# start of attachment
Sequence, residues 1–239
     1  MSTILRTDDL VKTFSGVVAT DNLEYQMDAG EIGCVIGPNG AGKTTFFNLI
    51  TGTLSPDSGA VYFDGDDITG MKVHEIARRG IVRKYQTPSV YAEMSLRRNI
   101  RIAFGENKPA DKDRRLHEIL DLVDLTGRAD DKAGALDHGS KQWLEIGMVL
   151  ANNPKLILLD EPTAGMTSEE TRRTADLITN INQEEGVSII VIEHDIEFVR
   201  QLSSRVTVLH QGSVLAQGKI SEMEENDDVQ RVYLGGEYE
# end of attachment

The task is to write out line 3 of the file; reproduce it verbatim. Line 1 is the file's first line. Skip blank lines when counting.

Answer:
    51  TGTLSPDSGA VYFDGDDITG MKVHEIARRG IVRKYQTPSV YAEMSLRRNI